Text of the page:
Making a dessert is not my thing. I toyed with the idea to serve a bar of chocolate ironically, but I was not sure I could get away with it. So, I did the next best thing – layering up a parfait.
I broke the aforementioned chocolate in pieces (it was the fancy new ruby chocolate type), crumbled a small cake, and spooned in chocolate pudding. Repeat. All in a wine glass, with grated chocolate on top. Funny how the thing I DID NOT cook ended up looking the best.
In the meantime, both Mina and Gizem struggled with the microwave function, one wanted to heat up rice, the other to boil water quickly. Mina also started whipping up cream by hand, before someone told her there was an electric mixer.
Mina figured out early on that pre-cooked ingredients were crucial with the time limit, so she mostly focused on dressing/spicing those up. Katie also had an idea of what to make right away, but not being able to find veggies for her sandwich, she was forced to get creative with seaweed.
Like a pro, she toasted the wakame seaweed to bring out crispiness. However, she struggled to make her ice cream and simultaneously keep it from turning into mush until the judging.
Both Katie and Mina BARELY made it on time, but Gizem and I were nowhere near done plating when our 30 minutes were up. Losing points by the minute, Gizem managed to finish plating her dishes before me, and I plated 4 minutes after time was up – almost burning myself on the frittata. I was officially last by points even before the judging even started.
PRESENTATION IS KEY
When the time was up, contestants were asked to present their dish and ‘tell the story’ behind it in the order everyone finished. I was glad I finished last.
Mina cooked an omurice with a twist, the theme being that she is American-Japanese, a bit like the dish itself. She also deep-fried cream puffs for dessert, on account that Americans love deep-frying things that don’t need deep frying, by her own admission – she came up with the story on the spot! Points for quick thinking.
Katie had a similar thematic approach to her tuna melt sandwich – with a twist. She called it “Mid-West meets East,” meaning an American comfort food made with Japanese accents like grilled seaweed. The lettuce she forgot to add was served as a garnish.
Guess what? She made up her whole story on the spot too!
Gizem was next, and her bamboo steaming baskets had us all giddy with excitement. This master of ceremony won in my books because of the presentation. She slowly uncovered layer upon layer of baskets, from appetizers on top, main dish in the middle, and dessert on the bottom.
The theme of her main dish was Okinawa — goya champloo without the goya. She was so good, we forgot her Pacman appetizer had nothing to do with Okinawa, and neither did her eclair dessert. It was magic! She admitted to making up the Okinawa story on the spot — see the pattern here?
Following suit, I whipped up a theme for my culinary escapades as the others were presenting. My theme was ‘International Party,’ as most of what I had were finger foods from different continents.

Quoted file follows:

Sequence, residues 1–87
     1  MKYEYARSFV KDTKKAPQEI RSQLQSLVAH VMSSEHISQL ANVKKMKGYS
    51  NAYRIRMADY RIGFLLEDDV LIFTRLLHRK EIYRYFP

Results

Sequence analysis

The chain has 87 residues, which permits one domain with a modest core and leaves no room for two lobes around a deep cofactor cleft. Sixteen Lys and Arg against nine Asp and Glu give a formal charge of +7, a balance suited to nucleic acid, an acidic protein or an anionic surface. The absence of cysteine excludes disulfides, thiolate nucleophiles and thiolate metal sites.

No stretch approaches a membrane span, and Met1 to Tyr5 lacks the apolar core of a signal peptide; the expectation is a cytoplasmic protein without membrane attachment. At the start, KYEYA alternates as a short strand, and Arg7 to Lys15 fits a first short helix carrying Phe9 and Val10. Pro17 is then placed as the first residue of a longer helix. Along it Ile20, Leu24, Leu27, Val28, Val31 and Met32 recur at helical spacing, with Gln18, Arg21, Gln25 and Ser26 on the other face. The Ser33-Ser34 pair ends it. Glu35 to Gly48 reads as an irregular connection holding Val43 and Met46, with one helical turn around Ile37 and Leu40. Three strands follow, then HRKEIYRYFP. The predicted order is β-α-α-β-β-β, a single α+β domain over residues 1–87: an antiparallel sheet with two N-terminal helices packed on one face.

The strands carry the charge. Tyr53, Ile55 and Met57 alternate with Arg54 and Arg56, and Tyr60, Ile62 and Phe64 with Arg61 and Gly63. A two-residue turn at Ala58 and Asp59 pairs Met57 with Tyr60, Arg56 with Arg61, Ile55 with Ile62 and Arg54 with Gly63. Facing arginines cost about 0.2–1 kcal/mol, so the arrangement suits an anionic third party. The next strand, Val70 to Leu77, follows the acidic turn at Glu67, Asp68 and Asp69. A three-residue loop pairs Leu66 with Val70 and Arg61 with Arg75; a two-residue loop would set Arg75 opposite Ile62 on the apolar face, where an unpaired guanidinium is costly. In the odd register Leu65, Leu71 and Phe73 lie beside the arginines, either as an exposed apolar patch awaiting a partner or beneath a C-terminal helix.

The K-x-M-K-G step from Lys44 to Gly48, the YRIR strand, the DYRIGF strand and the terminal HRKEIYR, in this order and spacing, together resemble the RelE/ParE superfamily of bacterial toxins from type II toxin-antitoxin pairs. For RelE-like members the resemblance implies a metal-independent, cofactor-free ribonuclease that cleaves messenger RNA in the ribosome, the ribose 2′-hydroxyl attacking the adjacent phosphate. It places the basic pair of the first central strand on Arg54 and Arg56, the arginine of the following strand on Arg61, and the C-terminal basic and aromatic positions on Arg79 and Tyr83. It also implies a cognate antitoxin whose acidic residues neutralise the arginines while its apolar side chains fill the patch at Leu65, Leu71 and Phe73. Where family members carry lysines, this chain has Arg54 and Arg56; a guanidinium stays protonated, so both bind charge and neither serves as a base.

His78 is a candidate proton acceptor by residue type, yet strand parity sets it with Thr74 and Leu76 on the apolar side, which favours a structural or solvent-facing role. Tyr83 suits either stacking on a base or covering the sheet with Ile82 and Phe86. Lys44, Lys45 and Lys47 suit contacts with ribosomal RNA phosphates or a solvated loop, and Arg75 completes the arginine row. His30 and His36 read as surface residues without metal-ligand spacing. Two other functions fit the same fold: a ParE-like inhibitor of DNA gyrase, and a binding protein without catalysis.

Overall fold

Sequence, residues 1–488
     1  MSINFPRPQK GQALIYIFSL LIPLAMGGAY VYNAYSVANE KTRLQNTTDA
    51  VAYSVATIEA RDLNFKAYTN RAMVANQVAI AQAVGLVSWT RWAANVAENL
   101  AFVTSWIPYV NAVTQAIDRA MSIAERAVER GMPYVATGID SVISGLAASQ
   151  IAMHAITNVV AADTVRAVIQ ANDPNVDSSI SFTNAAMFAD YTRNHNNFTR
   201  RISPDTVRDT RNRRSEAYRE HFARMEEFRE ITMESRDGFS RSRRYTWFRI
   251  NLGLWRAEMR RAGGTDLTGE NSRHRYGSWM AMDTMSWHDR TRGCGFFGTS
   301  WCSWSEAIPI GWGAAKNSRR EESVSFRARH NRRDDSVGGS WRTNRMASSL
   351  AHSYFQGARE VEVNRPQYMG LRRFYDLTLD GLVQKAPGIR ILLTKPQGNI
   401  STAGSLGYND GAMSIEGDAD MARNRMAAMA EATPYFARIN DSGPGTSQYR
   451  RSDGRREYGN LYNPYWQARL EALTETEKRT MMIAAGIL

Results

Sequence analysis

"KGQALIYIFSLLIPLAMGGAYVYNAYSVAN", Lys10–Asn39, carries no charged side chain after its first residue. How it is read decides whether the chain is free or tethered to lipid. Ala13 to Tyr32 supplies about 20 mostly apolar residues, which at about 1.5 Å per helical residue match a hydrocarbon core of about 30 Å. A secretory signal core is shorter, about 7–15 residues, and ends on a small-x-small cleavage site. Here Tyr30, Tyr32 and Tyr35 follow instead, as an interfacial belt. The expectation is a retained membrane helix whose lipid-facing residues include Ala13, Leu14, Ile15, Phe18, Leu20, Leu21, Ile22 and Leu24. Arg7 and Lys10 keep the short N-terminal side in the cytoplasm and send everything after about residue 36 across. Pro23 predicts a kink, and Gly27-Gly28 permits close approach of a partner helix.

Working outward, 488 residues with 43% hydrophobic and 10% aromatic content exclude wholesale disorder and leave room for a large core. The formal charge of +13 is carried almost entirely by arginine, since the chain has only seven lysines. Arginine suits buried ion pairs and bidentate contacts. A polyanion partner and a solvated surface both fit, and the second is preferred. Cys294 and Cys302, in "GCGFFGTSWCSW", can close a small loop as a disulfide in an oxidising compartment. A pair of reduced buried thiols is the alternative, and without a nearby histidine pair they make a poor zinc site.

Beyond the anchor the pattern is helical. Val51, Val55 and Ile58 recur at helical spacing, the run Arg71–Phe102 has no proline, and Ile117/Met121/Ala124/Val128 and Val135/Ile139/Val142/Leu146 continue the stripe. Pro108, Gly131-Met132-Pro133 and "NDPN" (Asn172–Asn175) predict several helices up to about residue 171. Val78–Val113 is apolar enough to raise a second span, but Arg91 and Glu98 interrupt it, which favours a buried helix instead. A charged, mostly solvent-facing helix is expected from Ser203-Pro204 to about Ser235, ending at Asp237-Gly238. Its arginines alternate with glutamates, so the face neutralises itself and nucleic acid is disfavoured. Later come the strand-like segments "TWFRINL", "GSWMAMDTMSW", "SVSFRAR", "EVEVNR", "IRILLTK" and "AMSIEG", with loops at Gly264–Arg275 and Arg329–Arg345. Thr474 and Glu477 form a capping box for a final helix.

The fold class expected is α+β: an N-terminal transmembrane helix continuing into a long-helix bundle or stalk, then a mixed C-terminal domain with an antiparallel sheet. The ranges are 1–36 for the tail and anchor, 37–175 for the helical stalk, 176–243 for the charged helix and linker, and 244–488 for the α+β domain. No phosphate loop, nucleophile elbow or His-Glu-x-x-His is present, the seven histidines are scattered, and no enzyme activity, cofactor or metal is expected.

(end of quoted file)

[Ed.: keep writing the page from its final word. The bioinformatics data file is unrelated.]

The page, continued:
My friend Edith from South Africa taught me the banana bacon combo, my faux onigiri sushi with smoked chicken kinda represented Japan, and my chicken mayo served on potato chips represented the West — all on the same plate, like the cosmopolitan groups I hang out with in Tokyo.
The dessert was also a mix of things put together in a wine glass, because if we’re not mingling and drinking is it even a party?
TIME TO FACE JUDGEMENT
Our judge Yasue lives the dream — she is a professional cookbook editor and culinary consultant, and even though she had every right to spit out food like an angry Gordon Ramsey, she was truly kind to us.
She observed our cooking process, scoring us on these four criteria:
- Healthiness/balance and
At the last minute, a surprise judge appeared! Yasue was joined by Raina Huang, a competitive eater from the US, Youtuber, model, and cook, among many other things, just for the tasting. She had just flown to Tokyo to do a week-long challenge that night but was asked to check out our challenge in the tasting phase.
WINNER WINNER, CHICKEN DINNER!
As the judges and organizers convened to calculate the scores, contestants started eating their own dishes. I was tucking into the rest of my dessert, when I felt something breaking. No, it was not my heart, it was my tooth. Just my rotten luck to chomp too hard on a harder piece of chocolate. Or whoever is writing my life story is lame! Biting my tongue, I decided to not cause a ruckus just before they announce the winners.
Yasue added all of her scores and it was very very close – Mina was 4th, Zoria and Katie had the same score, and Gizem emerged as 1st!
Yasue was wowed by Zoria’s dessert and the bacon-banana combo, as well as by Katie’s seaweed magic and Mina’s deep-fried cream puffs, and she loved how everything tasted. However, she said that Gizem’s creativity while also making sure the dishes were healthy won her over.
But these were not the final results! The surprise judge Raina dramatically changed the scores in a Hollywood-worthy twist, basing her judging solely on personal taste. She gave Zoria and Gizem the fewest points, while giving Mina and then Katie the highest scores. And then, in true dramatic fashion, she disappeared.
Lastly, the Judge of Time shaved off 2 points from Gizem’s score, and 4 points from yours truly, recounting this dramatic culinary contest.
IMAGINARY DRUM ROLL FOR PRIZES, PLEASE…
As a proud 4th place finisher I got a pending visit to my dentist! Gizem and her Okinawan cuisine finished 3rd, Mina was 2nd, and Katie in 1st place won a 10,000 yen Quo Card that can be used in any conbini. And, no matter how cheesy it sounds, we were all happy to be participating in a cooking challenge, after just watching so many of them.
We were proud of ourselves for being able to cook something in that short time, while supporting each other and making zero people sick in the process.